In closing, there is little to say other than to express my sincerest empathy for my fellow humans suffering in Japan. I hope those of you who read this, and are able, will join me in following the link below to contribute to the American Red Cross, who is equipped to help those suffering in Japan, or contribute to other charitable organizations that can do the same.

Follow link to donate funds for Japanese earthquake and tsunami relief via the American Red Cross

Follow link to VOA news and comments about the Japanese disaster.

Paladino & Vaes, 2009

Greenway & Louis, 2010

Emotions as a Source of Motivation

Walk proud… walk like an Egyptian!

I was in Egypt from Tuesday 25 January through Saturday 29 January 2011, i.e. the first five days of the people’s up rise.  I witnessed a series of events, actions that have left me flabbergasted.

Cairo at 11.00 am on the day of the peaceful protests that were to start at 02.00 pm seemed  busy and peaceful all at once — like it always is. It seemed that the day would develop as usual. 

For the larger part of the day, I stayed tuned to Al Jazeerah and Al Arabiyah  — two cable new channels — to keep track of the walkout that was about to begin.  The crowds began to gather in and around Tahrir Square.  They came from all social strata.  Most people carried peaceful signs that pronounce five clear-stated demands:  that the President steps down; that neither he nor his son run for office again; that the Government Cabinet be dissolved and new Ministers be appointed; that the Shura Council be dissolved and new fair elections take place; and that the Constitution be amended. There was a lot of security on the streets but there was no engagement between them and the protesters.  Surrounding streets were closed off from vehicles to prevent needless confrontations.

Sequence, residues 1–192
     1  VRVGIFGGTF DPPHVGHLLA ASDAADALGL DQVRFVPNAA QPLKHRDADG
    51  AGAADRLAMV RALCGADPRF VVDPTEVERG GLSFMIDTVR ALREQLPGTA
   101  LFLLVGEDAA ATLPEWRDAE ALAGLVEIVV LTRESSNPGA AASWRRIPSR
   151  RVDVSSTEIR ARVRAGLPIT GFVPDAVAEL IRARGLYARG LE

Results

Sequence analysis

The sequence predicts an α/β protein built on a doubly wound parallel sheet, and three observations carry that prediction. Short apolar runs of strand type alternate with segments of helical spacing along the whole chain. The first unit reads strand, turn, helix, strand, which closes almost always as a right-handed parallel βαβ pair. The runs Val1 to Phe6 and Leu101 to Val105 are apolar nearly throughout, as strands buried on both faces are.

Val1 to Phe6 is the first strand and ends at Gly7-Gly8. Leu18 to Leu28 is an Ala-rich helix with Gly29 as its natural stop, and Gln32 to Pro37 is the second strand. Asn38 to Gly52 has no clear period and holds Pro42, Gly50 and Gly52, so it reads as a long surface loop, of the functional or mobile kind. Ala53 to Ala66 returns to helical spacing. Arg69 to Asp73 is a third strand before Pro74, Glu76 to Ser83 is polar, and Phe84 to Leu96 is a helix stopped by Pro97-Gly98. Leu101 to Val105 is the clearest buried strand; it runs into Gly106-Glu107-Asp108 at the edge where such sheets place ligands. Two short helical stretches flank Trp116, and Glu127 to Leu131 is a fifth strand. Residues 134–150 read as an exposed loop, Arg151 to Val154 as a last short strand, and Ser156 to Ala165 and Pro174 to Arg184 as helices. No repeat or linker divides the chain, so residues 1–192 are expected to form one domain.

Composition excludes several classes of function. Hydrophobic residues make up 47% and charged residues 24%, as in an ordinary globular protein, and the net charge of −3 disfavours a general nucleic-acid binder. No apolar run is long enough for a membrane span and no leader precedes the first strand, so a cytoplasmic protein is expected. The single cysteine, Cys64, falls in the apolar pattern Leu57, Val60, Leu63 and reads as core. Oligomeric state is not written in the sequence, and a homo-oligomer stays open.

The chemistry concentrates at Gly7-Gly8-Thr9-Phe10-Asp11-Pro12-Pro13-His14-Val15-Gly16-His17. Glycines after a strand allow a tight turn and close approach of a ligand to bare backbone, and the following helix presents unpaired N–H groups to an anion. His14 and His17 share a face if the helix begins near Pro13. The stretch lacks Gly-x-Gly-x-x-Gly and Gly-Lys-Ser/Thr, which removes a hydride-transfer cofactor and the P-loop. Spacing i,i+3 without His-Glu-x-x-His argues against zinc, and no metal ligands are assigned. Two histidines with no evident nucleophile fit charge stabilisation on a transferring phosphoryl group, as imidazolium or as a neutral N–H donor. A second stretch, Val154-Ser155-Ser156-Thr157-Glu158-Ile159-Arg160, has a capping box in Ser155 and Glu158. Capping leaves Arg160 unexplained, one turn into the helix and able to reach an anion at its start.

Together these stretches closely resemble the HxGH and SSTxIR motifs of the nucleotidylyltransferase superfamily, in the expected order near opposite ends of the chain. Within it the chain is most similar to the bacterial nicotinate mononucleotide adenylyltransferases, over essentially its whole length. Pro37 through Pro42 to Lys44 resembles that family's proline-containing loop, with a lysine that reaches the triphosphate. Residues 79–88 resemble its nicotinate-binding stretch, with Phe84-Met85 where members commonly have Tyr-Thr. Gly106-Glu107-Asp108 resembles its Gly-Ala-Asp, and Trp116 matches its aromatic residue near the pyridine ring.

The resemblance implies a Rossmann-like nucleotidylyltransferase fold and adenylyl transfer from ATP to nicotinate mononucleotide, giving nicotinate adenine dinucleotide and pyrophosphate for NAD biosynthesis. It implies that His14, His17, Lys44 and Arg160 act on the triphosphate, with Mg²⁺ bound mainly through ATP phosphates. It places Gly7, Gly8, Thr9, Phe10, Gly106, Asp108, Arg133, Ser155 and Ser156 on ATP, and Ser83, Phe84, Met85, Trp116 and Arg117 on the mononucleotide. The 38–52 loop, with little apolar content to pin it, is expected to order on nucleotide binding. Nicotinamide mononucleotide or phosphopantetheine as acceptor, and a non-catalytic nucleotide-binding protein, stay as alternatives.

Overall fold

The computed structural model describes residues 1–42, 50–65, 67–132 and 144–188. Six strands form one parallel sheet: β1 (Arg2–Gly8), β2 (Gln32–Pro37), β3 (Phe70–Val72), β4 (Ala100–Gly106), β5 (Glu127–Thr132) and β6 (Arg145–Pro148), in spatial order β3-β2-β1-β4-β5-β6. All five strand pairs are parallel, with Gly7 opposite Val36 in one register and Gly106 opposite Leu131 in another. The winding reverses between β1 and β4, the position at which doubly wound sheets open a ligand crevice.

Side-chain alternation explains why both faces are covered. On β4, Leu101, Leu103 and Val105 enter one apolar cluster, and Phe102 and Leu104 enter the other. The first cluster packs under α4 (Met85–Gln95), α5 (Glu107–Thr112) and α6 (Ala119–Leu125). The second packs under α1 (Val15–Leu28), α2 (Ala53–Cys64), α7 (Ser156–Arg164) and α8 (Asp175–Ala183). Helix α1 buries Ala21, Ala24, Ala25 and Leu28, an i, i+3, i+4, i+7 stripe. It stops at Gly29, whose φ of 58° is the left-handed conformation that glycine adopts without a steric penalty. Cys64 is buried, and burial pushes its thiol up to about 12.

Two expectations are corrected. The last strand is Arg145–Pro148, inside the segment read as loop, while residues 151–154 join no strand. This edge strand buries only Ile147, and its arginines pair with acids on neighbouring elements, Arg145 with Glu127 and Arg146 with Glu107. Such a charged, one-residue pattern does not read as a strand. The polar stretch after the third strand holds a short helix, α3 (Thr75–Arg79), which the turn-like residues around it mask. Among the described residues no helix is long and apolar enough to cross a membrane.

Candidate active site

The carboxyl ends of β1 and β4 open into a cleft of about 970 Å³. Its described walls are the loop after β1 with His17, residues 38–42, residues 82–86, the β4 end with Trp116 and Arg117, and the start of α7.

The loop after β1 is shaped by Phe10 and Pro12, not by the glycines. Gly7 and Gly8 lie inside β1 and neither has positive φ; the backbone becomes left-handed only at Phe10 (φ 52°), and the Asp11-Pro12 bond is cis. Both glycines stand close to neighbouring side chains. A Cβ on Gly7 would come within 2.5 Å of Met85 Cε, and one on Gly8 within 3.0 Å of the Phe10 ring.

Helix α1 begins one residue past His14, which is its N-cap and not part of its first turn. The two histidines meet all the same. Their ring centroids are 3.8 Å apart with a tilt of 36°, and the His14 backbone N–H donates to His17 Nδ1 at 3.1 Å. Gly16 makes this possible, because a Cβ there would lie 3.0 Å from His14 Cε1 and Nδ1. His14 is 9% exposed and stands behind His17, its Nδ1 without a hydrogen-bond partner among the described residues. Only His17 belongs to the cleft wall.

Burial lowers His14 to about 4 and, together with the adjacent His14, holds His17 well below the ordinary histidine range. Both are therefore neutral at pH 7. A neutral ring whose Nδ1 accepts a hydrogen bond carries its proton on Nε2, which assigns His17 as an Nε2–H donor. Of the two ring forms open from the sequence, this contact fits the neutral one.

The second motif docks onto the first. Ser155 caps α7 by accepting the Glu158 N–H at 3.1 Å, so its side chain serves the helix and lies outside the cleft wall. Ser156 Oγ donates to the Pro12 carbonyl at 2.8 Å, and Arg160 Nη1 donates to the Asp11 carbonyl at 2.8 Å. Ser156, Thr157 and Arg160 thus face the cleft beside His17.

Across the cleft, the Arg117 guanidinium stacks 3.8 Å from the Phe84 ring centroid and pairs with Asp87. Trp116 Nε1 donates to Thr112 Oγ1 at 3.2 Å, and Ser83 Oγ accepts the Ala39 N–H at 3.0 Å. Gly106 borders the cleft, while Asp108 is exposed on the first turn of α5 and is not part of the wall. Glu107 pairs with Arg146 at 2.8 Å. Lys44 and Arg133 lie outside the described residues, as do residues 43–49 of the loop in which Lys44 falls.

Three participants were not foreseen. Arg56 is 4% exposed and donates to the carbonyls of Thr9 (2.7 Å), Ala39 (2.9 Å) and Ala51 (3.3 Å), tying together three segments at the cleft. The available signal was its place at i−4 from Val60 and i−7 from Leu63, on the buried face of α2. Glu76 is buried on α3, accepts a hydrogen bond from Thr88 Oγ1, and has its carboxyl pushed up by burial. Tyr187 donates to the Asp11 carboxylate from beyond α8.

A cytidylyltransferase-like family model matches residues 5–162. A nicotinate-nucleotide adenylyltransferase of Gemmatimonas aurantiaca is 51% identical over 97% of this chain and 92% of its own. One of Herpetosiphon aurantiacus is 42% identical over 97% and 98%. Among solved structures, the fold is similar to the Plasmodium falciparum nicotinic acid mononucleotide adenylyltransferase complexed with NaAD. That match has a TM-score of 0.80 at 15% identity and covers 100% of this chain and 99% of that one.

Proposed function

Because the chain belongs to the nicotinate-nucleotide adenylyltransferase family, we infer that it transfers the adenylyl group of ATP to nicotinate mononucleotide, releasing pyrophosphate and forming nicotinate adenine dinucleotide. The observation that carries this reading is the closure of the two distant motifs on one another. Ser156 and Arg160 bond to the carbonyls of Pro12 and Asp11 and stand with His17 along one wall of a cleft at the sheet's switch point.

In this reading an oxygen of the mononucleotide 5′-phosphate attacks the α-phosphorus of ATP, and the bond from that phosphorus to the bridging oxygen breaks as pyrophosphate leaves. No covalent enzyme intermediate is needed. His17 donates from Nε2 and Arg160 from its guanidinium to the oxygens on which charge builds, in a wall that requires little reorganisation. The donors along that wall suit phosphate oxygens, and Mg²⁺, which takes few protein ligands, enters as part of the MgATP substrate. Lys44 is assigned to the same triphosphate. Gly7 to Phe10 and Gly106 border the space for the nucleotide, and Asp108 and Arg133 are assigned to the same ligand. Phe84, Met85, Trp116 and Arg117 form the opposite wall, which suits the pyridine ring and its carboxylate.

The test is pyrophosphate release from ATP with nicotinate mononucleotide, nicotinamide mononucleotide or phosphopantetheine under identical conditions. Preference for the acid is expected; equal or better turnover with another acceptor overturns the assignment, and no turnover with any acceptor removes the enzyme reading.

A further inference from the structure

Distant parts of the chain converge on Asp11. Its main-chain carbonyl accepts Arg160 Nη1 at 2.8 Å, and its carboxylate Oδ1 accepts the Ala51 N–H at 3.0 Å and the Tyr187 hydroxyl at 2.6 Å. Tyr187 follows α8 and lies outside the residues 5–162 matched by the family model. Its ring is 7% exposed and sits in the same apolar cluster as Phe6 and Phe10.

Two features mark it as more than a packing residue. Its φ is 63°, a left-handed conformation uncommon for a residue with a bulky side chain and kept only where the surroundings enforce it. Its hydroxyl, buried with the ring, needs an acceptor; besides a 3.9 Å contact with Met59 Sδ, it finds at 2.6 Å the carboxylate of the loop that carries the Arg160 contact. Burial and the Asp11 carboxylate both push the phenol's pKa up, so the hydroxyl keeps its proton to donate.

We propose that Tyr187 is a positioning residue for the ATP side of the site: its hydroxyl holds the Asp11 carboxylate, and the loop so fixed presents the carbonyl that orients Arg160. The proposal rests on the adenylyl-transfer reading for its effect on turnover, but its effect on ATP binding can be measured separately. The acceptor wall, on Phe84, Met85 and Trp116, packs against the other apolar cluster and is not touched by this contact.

For several hours, the events were developing rather peacefully.  Many of my family members and friends were amongst the demonstrators and I felt envious of their strong sense of civic engagement, patriotism and willpower.  A strong sense of identity dawned on each and every Egyptian, as well as anyone who has any link to Egypt.

Shared identity in action in Egypt Then as the early hours of the evening kicked in and the tone of the events was slowly shifting.  Tension was building up. People did notdisperse and go home.  People declared they would remain and their tone became far more hostile.  The protest went on into the late hours.  Outside, you could hear the sound of ad hoc gunshots and glass breaking.

Day two of the uprise seemed a mixture of patriotic youth still making the same demands in addition to hungry people demanding change to be able to feed their families.  These were two distinct groups.  Yesterday’s protesters had split.   Additionally, one could notice the huge number of security guards on the streets, especially on the streets leading to Tahrir Square and important Government offices.  However, they only stood there, anticipating problems that may arise on this second day of demonstrations.